With this program, OSHA, Washington, D.C., gave waste industry employers an opportunity to voluntarily upgrade their safety plans, asking them to develop a comprehensive safety and health program; identify and correct hazards; train all employees on the new plan; and submit workplace injury records to OSHA [see Waste Age, May 1998, page 118].
Although the program seemingly would benefit the industry by improving workplaces and reducing the chance of unexpected OSHA visits and fines, the outcry against CCP was fierce.
Soon after the initiative was unveiled, organizations such as the U.S. Chamber of Commerce, the National Association of Manufacturers (NAM), the American Trucking Associations and the Food Marketing Institute filed a lawsuit to halt the program. The plaintiffs argued that CCP was "coercive" compliance, and that OSHA was sidestepping the federal rulemaking process. They criticized OSHA's failure to engage in the typical public notice and comment periods.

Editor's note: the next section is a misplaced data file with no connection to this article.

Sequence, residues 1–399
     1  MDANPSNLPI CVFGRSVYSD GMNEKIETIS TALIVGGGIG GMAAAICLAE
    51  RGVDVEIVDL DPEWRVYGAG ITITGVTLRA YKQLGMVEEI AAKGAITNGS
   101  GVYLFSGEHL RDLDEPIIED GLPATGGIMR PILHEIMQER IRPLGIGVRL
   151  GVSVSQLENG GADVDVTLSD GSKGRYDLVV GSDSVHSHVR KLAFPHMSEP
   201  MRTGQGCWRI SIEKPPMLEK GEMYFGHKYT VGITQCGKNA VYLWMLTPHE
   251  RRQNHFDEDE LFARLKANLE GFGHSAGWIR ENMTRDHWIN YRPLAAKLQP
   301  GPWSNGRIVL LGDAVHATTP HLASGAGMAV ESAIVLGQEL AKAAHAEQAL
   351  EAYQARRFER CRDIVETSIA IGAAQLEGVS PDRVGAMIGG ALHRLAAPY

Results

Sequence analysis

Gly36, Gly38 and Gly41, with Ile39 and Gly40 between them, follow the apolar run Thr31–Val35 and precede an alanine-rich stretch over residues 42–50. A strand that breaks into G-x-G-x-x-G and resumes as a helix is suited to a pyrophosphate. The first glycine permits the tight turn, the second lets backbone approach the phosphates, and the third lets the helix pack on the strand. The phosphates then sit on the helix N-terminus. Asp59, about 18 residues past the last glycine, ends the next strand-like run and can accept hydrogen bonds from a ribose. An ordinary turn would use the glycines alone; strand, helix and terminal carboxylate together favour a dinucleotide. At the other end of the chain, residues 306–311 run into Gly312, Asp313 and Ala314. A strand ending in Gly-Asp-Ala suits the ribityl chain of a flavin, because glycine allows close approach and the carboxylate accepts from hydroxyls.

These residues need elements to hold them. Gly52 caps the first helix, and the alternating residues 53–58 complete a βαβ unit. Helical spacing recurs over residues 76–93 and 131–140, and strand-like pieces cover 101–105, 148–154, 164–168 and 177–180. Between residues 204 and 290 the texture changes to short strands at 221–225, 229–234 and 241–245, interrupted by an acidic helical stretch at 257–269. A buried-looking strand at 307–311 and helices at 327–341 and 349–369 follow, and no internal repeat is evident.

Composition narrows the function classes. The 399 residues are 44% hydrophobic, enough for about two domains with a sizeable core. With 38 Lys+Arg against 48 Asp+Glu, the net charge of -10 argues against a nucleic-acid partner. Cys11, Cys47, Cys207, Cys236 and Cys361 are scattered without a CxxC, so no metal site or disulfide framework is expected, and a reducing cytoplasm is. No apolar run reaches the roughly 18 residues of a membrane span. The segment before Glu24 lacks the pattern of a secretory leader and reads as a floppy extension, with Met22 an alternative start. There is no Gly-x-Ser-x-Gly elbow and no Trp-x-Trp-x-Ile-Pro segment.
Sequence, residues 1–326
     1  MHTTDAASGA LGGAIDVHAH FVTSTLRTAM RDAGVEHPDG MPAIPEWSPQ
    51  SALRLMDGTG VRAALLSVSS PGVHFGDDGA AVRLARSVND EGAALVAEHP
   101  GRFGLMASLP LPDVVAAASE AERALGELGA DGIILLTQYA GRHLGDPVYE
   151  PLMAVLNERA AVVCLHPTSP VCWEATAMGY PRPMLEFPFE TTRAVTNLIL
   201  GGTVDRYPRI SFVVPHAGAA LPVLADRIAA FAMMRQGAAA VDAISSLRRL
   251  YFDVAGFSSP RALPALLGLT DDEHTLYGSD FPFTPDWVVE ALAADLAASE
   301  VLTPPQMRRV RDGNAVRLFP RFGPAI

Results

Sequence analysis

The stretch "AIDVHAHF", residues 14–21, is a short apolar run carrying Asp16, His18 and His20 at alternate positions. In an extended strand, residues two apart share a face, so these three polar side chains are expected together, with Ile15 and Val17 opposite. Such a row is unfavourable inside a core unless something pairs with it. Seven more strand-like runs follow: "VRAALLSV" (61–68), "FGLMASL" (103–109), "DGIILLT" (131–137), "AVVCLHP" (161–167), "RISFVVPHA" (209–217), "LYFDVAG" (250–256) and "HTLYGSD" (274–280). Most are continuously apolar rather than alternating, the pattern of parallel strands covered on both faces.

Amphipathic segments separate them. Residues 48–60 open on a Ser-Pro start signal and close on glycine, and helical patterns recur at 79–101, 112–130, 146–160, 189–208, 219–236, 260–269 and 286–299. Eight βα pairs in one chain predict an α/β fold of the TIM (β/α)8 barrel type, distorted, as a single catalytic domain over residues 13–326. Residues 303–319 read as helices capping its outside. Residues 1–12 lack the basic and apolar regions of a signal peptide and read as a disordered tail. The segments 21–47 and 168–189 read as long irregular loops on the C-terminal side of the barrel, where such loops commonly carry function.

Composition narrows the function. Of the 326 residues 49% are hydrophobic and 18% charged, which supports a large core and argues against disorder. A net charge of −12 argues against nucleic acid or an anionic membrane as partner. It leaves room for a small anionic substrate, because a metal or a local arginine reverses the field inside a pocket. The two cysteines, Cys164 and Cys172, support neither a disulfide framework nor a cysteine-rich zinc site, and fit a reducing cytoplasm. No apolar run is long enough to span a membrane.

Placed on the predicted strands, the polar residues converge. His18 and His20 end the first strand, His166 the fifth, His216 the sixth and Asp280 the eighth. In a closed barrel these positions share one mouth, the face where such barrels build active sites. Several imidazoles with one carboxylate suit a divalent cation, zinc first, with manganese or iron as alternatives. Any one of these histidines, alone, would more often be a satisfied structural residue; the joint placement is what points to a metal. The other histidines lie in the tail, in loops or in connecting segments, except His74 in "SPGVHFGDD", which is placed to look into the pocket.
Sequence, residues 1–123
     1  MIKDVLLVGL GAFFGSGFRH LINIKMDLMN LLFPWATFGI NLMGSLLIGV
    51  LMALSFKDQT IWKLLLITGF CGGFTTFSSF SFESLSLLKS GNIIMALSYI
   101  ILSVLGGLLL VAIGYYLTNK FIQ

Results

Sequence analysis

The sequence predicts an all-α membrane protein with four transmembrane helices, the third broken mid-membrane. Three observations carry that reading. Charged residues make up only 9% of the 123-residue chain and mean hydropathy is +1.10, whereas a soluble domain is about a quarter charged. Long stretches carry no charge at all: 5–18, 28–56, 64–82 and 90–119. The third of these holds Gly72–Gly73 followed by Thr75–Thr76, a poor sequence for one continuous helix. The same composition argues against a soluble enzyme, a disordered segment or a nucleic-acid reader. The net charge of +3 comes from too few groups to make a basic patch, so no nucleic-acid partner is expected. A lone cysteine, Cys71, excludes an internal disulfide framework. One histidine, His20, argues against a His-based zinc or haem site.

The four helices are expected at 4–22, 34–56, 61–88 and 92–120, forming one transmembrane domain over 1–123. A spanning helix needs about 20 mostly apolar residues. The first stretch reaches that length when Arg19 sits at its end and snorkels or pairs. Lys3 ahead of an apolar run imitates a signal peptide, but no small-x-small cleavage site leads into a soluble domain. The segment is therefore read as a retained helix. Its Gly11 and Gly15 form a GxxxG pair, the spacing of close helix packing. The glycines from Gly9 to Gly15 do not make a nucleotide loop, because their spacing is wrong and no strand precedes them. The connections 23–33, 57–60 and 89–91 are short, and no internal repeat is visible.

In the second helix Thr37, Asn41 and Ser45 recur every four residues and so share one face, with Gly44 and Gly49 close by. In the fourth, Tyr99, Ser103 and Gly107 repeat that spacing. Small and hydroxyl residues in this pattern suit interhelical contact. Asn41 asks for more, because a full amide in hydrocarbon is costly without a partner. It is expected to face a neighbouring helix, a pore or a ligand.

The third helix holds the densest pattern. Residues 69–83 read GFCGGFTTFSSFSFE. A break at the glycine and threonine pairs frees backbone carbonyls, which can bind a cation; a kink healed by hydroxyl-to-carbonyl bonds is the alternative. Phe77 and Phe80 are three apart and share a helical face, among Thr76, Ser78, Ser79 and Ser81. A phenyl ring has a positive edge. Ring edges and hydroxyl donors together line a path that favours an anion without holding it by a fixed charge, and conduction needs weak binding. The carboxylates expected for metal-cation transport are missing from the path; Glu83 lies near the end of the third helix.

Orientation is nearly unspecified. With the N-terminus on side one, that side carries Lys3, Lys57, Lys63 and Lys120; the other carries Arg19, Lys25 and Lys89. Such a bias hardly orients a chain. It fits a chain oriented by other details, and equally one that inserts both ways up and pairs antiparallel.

With CCP, OSHA was engaging in "de facto rulemaking," Quentin Riegel, deputy general counsel for NAM, said last year. "[OSHA is] placing companies in the position of complying with regulations that haven't been formally adopted."
Although several waste companies had agreed to participate, the industry was suspicious of the program. Most insiders agreed that improving safety programs is good, but they were concerned that once OSHA had a foot in the door, employers would be subject to massive expenses to correct hazards.
Some said that OSHA was doing with CCP what it was forbidden by Congress to do with ergonomics - issue a standard designed to limit ergonomic problems in the workplace.
In February 1998, the U.S. Court of Appeals for the District of Columbia circuit ruled in favor of the plaintiffs and temporarily halted the program pending a review of the case on its merits. In response, OSHA implemented an "interim" plan, which would allow the agency to "carry out its duties to protect workers," OSHA Administrator Charles Jeffress said.
Since the plan was implemented, hundreds of OSHA inspections have taken place at solid waste facilities, although it is unclear whether these are related to the interim plan.